Submit your events via email to:

Marysville 4th of July: Marysville-area residents and families no longer need to leave town to enjoy a professional Independence Day fireworks show. New this year, the city of Marysville presents a family-friendly 4th of July program at Marysville-Pilchuck High School. Gates open at 7 p.m. Thursday, July 4, with lawn games, fun activities and live music until dark, followed by a professional fireworks show choreographed to music starting about 9:45 p.m. Admission is free; bring cash to buy snacks

editor@northcountyoutlook.com Submit your events online at:

www.northcountyoutlook.com June 5- June 11

speakers, music, and readings will be shared.

M-PHS 2019 Baccalaureate: The M-PHS 2019 Baccalaureate will be June 9, 2-3 p.m., at the MarysvillePilchuck High School Auditorium, 5611 108th St. Make plans to join staff, community members, 2019 Seniors and their families to celebrate and give honor to those who have persevered and worked hard. Special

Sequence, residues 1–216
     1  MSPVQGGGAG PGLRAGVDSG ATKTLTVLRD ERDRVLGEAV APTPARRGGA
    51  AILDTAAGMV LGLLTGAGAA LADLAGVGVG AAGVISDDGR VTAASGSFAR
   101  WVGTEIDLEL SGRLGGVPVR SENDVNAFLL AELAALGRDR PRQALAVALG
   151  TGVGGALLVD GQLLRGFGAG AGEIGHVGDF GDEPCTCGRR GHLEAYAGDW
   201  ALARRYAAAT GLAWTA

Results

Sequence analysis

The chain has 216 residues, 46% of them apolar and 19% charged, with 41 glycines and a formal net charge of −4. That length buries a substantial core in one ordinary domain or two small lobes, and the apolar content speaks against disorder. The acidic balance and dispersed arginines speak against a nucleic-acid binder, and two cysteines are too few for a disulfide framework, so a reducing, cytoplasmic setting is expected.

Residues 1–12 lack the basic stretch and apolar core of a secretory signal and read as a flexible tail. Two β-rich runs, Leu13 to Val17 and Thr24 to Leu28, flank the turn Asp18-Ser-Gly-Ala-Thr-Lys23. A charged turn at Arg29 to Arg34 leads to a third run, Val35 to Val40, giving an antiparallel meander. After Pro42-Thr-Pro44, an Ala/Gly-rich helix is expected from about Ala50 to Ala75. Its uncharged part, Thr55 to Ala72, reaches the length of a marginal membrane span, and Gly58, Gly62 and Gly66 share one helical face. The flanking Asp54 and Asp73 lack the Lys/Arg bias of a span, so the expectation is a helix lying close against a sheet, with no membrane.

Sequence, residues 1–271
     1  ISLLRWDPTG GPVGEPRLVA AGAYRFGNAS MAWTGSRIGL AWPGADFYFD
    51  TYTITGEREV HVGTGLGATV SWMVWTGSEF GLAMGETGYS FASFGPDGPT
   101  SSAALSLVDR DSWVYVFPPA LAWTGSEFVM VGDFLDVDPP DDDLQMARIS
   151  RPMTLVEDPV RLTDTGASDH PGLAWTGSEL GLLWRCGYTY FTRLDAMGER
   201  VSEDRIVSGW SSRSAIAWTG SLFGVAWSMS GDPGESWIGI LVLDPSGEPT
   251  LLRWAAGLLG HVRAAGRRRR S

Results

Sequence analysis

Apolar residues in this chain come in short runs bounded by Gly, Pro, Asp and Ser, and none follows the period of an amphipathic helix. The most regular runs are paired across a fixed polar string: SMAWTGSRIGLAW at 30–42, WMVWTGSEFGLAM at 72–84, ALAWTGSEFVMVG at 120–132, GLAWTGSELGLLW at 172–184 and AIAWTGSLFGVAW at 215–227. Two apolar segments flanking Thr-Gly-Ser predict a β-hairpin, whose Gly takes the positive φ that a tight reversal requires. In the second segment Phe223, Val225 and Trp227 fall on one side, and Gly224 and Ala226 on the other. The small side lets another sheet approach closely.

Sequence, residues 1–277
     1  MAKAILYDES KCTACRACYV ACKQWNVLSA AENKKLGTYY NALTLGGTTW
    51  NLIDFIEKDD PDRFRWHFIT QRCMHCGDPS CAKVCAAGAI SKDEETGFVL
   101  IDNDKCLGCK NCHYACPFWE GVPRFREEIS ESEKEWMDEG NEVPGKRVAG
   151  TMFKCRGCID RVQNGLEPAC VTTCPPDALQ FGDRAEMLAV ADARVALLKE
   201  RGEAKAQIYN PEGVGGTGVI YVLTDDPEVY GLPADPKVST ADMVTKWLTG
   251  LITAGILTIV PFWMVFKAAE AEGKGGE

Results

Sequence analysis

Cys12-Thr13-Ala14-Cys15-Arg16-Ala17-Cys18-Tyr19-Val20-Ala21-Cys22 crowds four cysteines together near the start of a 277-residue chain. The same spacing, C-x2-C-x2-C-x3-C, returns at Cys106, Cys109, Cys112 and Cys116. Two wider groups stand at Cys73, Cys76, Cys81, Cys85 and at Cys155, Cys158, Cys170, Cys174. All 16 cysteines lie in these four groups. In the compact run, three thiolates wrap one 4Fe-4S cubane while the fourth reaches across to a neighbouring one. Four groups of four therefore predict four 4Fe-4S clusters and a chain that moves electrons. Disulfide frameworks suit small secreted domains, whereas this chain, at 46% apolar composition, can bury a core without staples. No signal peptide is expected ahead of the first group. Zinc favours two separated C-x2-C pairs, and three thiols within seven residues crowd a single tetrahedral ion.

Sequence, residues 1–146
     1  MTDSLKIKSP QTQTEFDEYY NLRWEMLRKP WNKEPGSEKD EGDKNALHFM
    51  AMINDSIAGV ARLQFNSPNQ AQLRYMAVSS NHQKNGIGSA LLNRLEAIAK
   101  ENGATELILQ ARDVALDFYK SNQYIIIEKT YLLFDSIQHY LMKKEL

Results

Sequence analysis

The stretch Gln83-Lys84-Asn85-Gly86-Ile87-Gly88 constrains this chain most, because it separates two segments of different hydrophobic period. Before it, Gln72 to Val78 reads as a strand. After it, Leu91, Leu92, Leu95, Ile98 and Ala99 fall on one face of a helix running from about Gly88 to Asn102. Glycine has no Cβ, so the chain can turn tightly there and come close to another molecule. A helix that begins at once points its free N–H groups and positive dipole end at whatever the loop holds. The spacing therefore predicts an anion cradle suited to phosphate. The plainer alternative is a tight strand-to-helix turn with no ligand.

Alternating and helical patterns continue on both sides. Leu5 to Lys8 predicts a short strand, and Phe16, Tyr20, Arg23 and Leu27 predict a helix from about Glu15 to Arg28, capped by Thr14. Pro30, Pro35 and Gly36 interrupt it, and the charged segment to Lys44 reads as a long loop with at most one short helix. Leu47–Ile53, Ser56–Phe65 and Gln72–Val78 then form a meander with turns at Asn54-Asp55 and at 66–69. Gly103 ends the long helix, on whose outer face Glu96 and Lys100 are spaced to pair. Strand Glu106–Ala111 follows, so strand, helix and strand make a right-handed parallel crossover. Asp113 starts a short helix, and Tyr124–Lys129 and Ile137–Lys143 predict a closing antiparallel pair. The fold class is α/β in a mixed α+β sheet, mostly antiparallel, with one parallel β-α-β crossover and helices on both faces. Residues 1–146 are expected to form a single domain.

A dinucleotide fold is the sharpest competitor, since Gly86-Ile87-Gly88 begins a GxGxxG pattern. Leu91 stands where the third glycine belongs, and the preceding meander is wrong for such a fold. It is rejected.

Arlington Book Discussion Group: A loggerturned-activist, an act of protest and a mystery -- join us as we discuss "The Golden Spruce: A True Story of Myth, Madness and Greed" by John Vaillant. Held Tuesday, June 11, at 6:30 p.m., at the Arlington Library, 135 N. Washington Ave.

Friends of the Arlington Library Book Sale: Great books and baked goods available at bargain prices. Something for everyone! June's theme is the beach. Proceeds support the Arlington Library. held Tuesday, June 11, 9 a.m. to 3 p.m., and Wednesday, June 12, 10 a.m. to 2 p.m., at the Arlington Library, 135 N. Washington Ave. Friends

PROMOTE YOUR REGIONAL EVENT statewide with a $325 classified listing or $1,575 for a display ad. Call this newspaper or 360-344-2938 for details.